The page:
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Commentary: US partners India and Vietnam to counter China − even as Biden claims that’s not his goal

MIAMI: This fall, Senate Majority Leader Chuck Schumer is slated to lead a bipartisan group of United States senators to China. The planned trip, like other recent visits to China by high-ranking US officials, is aimed at improving the relationship between the US and China.

Such efforts to ameliorate US-China diplomatic relations come amid growing tensions between the two economic giants. They also run parallel to US efforts to strengthen ties with Indo-Pacific countries to limit Beijing’s influence.

Take, for example, US President Joe Biden’s September trips to India for the G20 summit and to Vietnam, where US competition with China was a focus of Biden’s discussions. While he was in Asia, Biden made several agreements in science, technology and supply chain security designed to bolster US relations with India and Vietnam.

“I don’t want to contain China,” the president told reporters in Hanoi on Sep 10, shortly after meeting Vietnam’s communist party leader. US congressmen Mike Gallagher and Raja Krishnamoorthi echoed similar sentiments during an event held by the Council on Foreign Relations think tank in New York City the following day.

But even if the US’ stated goal isn’t to limit China’s global influence, its recent agreements with India, Vietnam and other countries may do exactly that.


The US is actively looking for ways to blunt one of China’s best tools of influence: International loans.

During the New Delhi G20 summit in September, the US pledged to help reform the World Bank and International Monetary Fund to make them more flexible in lending to developing countries to finance renewable energy, climate mitigation and critical infrastructure projects. Biden committed the first US$25 billion to make those reforms possible and secured additional financial pledges from other countries totalling US$200 billion in new funding for developing countries over the next decade.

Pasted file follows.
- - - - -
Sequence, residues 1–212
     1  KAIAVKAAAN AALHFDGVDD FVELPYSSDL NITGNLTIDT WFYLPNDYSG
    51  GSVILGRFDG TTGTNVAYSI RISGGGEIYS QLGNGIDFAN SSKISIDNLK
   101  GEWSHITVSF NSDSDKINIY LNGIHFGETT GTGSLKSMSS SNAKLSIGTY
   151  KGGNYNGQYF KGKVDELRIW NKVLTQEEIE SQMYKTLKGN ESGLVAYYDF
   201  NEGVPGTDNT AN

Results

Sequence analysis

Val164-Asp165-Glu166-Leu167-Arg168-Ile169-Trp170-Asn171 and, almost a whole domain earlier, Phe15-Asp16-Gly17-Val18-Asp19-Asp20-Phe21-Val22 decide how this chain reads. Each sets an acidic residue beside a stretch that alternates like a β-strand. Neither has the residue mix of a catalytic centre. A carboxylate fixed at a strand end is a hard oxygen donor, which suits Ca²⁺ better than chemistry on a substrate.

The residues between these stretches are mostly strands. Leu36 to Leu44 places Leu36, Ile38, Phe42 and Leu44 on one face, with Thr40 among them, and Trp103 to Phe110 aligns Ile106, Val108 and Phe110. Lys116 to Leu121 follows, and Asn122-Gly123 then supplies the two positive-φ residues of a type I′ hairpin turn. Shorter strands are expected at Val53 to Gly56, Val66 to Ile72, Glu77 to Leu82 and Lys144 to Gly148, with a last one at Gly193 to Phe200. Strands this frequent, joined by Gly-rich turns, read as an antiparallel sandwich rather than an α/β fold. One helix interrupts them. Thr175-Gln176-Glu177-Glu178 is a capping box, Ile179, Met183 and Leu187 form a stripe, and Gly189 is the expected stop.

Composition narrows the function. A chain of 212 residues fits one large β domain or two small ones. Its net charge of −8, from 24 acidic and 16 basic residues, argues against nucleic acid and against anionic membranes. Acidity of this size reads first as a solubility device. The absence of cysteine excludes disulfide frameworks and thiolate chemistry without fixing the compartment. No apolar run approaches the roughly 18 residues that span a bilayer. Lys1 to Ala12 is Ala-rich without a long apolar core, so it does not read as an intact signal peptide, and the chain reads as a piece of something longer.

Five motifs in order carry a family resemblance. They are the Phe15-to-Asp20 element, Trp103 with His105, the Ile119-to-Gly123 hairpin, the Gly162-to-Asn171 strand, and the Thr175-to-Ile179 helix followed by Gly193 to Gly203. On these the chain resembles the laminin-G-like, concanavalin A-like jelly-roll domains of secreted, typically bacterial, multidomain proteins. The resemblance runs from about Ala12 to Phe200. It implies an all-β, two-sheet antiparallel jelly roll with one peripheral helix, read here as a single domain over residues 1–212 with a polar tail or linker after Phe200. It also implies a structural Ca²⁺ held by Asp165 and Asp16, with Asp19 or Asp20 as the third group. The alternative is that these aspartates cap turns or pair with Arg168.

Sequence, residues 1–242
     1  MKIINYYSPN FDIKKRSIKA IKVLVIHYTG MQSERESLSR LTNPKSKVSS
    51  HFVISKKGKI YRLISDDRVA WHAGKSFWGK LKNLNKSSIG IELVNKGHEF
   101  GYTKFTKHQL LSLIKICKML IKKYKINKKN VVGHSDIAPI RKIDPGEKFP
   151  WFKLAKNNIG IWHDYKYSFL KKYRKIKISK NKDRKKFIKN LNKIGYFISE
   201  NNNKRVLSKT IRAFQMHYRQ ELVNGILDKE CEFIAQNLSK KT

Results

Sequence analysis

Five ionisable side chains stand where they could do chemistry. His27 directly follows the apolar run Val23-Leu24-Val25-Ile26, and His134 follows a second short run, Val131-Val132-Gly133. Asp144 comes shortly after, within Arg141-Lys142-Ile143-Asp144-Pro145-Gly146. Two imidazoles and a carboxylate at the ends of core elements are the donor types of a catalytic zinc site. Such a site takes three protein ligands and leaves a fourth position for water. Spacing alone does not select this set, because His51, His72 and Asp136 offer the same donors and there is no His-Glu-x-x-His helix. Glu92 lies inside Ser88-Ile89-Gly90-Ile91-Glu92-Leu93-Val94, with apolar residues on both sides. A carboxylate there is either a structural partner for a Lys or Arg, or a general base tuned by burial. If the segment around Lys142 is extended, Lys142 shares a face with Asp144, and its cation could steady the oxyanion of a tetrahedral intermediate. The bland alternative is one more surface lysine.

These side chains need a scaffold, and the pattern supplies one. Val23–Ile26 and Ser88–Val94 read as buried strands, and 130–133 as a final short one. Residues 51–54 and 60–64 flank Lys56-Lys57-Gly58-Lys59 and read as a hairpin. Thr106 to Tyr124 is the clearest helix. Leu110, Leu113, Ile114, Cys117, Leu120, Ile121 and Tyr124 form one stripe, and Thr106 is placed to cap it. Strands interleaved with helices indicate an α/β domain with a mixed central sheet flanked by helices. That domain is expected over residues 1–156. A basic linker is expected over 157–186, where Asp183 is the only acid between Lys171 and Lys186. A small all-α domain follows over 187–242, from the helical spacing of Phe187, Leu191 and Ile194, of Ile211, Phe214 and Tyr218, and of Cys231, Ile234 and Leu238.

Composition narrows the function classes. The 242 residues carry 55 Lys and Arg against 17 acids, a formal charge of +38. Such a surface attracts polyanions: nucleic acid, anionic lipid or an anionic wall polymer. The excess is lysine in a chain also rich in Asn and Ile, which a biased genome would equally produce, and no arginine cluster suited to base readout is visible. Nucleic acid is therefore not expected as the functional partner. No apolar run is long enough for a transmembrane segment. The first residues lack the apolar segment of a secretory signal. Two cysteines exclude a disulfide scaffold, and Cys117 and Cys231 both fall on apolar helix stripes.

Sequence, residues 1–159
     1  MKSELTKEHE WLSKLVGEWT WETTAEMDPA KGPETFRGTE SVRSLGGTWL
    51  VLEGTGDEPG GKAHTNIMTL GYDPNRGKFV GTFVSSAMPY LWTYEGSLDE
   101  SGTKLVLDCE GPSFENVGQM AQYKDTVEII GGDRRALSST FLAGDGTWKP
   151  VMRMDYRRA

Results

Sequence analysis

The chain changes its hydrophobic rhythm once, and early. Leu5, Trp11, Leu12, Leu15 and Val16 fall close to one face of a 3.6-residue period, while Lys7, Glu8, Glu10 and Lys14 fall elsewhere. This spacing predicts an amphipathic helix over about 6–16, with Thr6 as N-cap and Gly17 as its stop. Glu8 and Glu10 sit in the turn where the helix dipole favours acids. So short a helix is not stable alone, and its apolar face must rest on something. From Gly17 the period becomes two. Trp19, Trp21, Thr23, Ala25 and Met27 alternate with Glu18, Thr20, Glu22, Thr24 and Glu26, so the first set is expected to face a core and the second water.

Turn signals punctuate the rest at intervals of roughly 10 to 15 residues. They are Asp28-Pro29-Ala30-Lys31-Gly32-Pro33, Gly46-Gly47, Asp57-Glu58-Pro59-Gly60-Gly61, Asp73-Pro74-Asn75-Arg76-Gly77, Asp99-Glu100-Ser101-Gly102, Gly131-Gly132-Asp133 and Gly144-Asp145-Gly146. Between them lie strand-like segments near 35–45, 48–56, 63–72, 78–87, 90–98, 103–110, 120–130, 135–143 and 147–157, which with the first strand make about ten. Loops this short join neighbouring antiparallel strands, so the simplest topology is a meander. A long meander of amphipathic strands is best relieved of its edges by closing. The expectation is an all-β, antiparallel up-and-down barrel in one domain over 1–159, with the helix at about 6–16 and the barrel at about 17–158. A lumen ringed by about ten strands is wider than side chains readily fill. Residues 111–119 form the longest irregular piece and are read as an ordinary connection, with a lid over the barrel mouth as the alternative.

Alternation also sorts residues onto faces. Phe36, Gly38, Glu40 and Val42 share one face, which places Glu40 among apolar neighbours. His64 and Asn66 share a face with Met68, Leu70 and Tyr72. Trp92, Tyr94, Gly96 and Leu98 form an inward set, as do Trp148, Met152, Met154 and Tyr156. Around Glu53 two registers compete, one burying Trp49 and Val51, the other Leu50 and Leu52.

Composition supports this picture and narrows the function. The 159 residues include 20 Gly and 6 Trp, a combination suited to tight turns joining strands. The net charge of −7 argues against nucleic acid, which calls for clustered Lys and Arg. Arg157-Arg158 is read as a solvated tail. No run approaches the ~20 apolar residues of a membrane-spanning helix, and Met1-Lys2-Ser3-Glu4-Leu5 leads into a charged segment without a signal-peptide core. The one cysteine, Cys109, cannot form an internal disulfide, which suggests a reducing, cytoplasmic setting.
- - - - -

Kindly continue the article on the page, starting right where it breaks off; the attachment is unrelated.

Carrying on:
The US also signed onto a deal with the European Union, Saudi Arabia and India that will help connect the Middle East, Europe and Asia through rails and ports. Characterising it as a “real big deal”, Biden said the rail and ports agreement would help stabilise and integrate the Middle East.

These plans are aimed at providing an alternative to China’s Belt and Road Initiative. Commonly referred to as BRI, the initiative is China’s international infrastructure loan program. Over the past decade, Chinese government agencies, banks and businesses have loaned more than US$1 trillion abroad, and 60 per cent of the recipient countries are now in debt to these Chinese entities.

The US and other countries have long criticised BRI as “debt trap diplomacy”. One study suggests that the trillions of dollars in infrastructure loans to countries by the government and quasi-government bodies in China typically lead to debt problems that the borrowing countries can’t manage.


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As China grapples with a slowing domestic economy, it may become more difficult for Chinese entities to keep shelling out funding for big-ticket overseas projects. The new US-led agreements that come out of the G20 could fill the coming gap.

These G20 plans complement existing Western economic initiatives to compete with the BRI, including US trade pacts for the Indo-Pacific region and the Americas, the EU’s Global Gateway and the G7’s Partnership for Global Infrastructure and Investment.


In their meeting on the sidelines of the G20, Biden and Indian Prime Minister Narendra Modi agreed to deepen collaboration on developing critical and emerging technology, such as quantum computing and space exploration, as well as 5G and 6G telecommunications. This will help India compete with China in the technological arena in the Indo-Pacific.

The telecommunications portion of a joint statement by Biden and Modi specifically mentions the US’ Rip and Replace program. It is about helping smaller telecommunications companies rip out technology from Chinese companies like Huawei or ZTE and replace them with network equipment from the West that will protect users’ data.

The US has banned Huawei and ZTE equipment from its telecommunication networks, deeming those companies national security risks. The US and India’s pledge to support Rip and Replace is a direct counter to China’s telecommunication technology expansion.

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